You have to clean your teeth three times a day, once after each meal. It’s pretty dull, especially if you have to try and clean them in a public bathroom at a restaurant. Motion sensor taps are the bane of my life. While it’s instinctive to know where to put your hands to turn on a motion sensor tap, sticking your head under the faucet doesn’t seem to have the same magic. You feel like a total idiot trying to get the water to run so you can rinse your mouth out, hoping that nobody walks in while you’re doing it. It was also giggle when a woman walked in with several small children, who started stage-whispering “WHY IS THAT LADY CLEANING HER TEETH?” and staring at me while I pretended to be nonchalant, and invisible.
Dealing with other people
The best way to eat when you have braces is at home, by yourself, preferably while watching a television show or reading a book so you don’t get incredibly bored waiting for yourself to get to the end of a meal. Eating in public, especially in a one-on-one conversation, is tiring, tedious and uncomfortable. Especially when the braces have just gone on, eating takes forever because your teeth are too sore for you to put pressure on them properly. You’ll constantly be stopping to try and dislodge food from between your brackets, or more commonly, from above or below the braces. Doing all this while someone is sitting opposite you, probably finishing their meal in about a third of the time, expecting you to contribute to conversation when all your focus is on eating without choking, is exhausting. It does improve after the first week, but it continues to be tedious.
People are naturally curious about my braces, and as they take up so many of my thoughts, I’m happy to complain about them to whoever will listen (if you’re still reading this, I’m impressed). However, there’s a fine line between someone being politely inquisitive, and someone being so fixated on them that it just makes me self-conscious. A tip: try not to stare. Especially if they’ve only just had them put on and are still hoping that people just won’t notice. I spend a lot of time smiling behind my hand at the moment, and have to have had a few drinks before I’ll laugh without covering my face – and even then, I’m aware that I’m not covering my face, and wondering if I should be.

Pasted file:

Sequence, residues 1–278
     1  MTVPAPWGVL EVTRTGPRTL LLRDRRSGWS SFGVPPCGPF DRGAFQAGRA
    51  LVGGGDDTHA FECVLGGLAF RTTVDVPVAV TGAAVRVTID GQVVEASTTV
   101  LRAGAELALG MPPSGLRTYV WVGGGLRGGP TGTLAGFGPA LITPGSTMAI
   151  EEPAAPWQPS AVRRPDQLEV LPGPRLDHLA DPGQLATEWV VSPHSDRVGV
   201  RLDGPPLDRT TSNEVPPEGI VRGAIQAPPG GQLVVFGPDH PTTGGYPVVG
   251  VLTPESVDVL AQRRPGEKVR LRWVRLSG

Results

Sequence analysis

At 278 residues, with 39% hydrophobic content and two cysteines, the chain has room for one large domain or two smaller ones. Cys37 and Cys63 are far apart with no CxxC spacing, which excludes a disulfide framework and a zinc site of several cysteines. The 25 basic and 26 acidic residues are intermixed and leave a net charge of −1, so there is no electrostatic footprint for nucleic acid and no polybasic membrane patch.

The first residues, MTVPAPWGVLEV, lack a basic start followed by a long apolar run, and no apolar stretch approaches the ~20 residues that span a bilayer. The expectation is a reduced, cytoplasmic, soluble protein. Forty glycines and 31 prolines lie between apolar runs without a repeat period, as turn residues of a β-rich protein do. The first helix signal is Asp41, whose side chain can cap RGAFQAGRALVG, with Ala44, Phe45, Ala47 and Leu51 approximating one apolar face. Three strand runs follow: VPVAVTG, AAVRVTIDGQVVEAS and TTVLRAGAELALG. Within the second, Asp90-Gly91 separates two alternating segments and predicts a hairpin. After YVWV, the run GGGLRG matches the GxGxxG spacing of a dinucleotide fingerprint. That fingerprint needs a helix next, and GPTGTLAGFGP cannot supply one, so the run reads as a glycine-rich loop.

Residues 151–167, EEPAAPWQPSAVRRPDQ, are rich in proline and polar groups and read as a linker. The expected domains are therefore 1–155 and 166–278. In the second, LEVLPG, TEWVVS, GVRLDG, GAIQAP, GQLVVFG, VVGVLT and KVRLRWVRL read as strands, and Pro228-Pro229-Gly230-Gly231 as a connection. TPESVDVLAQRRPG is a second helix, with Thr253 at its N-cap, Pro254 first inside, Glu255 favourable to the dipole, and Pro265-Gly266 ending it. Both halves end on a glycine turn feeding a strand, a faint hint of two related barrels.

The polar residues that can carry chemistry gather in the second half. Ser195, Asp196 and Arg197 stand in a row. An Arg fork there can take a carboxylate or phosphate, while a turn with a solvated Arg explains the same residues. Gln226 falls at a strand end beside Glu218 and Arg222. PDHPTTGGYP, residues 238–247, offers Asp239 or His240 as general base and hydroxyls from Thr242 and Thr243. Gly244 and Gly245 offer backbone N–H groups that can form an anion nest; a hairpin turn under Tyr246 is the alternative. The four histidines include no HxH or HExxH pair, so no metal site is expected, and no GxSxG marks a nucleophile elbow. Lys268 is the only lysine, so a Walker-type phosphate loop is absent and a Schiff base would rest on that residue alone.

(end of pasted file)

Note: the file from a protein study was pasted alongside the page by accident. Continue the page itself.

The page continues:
Although I’ve seen plenty of pictures of people with braces, most commonly in the dentist’s office, I didn’t realise until I had my own put on that we only see pictures of braces on teeth that are already straight. Seeing braces jammed awkwardly on your own crooked teeth is a bit of a surprise, and not a good one. It’s a bit like adverts for women’s razors, with women shaving an already beautifully smooth leg. These braces are so good, as soon as they’re on, your teeth will be straight! The second you pick up this razor, the hair on your legs will fall off! I had to google lots of ‘before and after’ pictures of people with braces to reassure myself that I didn’t look any worse than I should.
As previously mentioned, I’m an incredibly impatient person. My orthodontist said that I’ll have the braces on for about 18 months, which I’m very much hoping wasn’t a lie to hook me in. Other people who’ve had braces say that 18 months is pretty quick, and everyone says things about it being ‘short-term pain for long-term gain’ and ’18 months is so short! The time will fly by!’ To me, however, 18 months is not short term. A week, or a few months, is short term. 18 months is already long term. Long term pain for even longer-term gain. Also, the time is definitely not flying by.
It would probably be easier if I’d been really unhappy with my teeth beforehand, but although occasionally I felt self-conscious about them, in general they didn’t bother me that much. My orthodontist was not buying this when I went for my consultation – no matter how many times I told him that I was there because the baby teeth were causing issues, he kept asking me to rate how happy I was with my smile, or how self-conscious they made me. It was quite irritating, this assumption that I must want perfect Hollywood teeth. Perhaps when it’s all done and I see what they look like, it will all be worth it. I’m certainly very aware of other people’s teeth now, and how straight nearly all of them are, so it will be nice to be part of that club.
I’m also aware (although the constant moaning of this post won’t have shown it) that I’m very lucky to be able to afford this kind of orthodontic work. It’s extremely expensive and I know that many people who need it even more than me aren’t able to have it. I’m also lucky, in a sense, not to have had them when I was younger – nearly everyone I’ve spoken to who had braces when they were a teenager didn’t wear their retainers and now their teeth are moving back. Some have had a second round of braces and many others are considering it. At least I know I will only do this once, with whatever wisdom I’ve gained from being in my 30s, and being able to see the long-term gain of getting it done and then doing the work of maintaining them, too.
Hopefully soon I’ll some better news about the self-consciousness, and the eating restrictions, and the pain. I’ve seen that other people do a kind of photo diary, but I didn’t think to take pictures of my teeth before the braces went on. My orthodontist did, for his own hall of fame records, so I’ll be able to compare with those, but I doubt they’re pictures I’ll want to show anyone else. I’m tempted to take pictures of how the braces look today, to compare with the future – but, at the same time, I’d rather not see any pictures of them at all.